Arora and Chen now believe that during priming, the seeds develop a memory that they were primed. Later, when it is needed under stressful conditions, the memory is reawakened to help the seeds grow and thrive.
Taking it to the field
Arora and Chen’s study occurred in a very controlled environment and a “not totally natural” situation, so they don’t know how it would replicate in the field. Still, Arora sees the findings as significant. “Help from any of these stress-protective mechanisms, whether antioxidant pathway machinery, or dehydrins, or something else we have not yet explored, are often most critical in the early stages of seedling development because of abiotic stresses (chilling, heat, etc.). Those stresses are more damaging to seedlings than established plants. Established plants can actually handle abiotic stresses better because they produce their own defense mechanisms.”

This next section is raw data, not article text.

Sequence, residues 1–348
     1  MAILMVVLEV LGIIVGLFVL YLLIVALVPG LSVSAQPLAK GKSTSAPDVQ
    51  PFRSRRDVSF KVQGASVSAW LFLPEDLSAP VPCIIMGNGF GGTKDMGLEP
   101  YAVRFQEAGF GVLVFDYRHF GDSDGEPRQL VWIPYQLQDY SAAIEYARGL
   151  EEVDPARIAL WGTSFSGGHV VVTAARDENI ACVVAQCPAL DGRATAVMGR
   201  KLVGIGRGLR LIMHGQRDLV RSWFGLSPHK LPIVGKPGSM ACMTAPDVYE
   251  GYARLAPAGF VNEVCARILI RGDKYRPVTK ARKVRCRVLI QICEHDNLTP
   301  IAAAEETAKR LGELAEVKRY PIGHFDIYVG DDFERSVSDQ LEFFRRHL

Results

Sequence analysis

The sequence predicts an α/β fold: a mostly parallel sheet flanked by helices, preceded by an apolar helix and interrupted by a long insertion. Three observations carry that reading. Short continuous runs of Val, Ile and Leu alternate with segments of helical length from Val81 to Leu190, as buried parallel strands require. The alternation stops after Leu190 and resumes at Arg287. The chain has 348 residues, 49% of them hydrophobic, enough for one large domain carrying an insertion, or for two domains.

If stresses occur in the first 15 days of germination, it can be enough to kill the whole seedling. Arora anticipates that this work will ultimately benefit growers of horticultural crops, like high-value vegetables and flowers, who need to predict uniform germination and uniform production.
For Arora, this study opened a new avenue of horticultural research. For the past few decades, his focus has been on the effects of abiotic stresses on established plants. Once he acquires funding, he’ll turn his focus to the long-term effects of priming. The seed’s physiology will only tolerate a certain time in storage. There is a limit to how long one can store primed seed before the promotive effects of priming disappear. Arora wonders how storage conditions will affect the efficacy. “How does the promotive effect of priming drop in each storing condition? Does it drop precipitously? If you change something about the storing condition, can you delay the reduction in benefit?”
Arora will be looking for answers to these questions over the next several years.
The author is a freelance writer based in Massachusetts and a monthly contributor to Growing.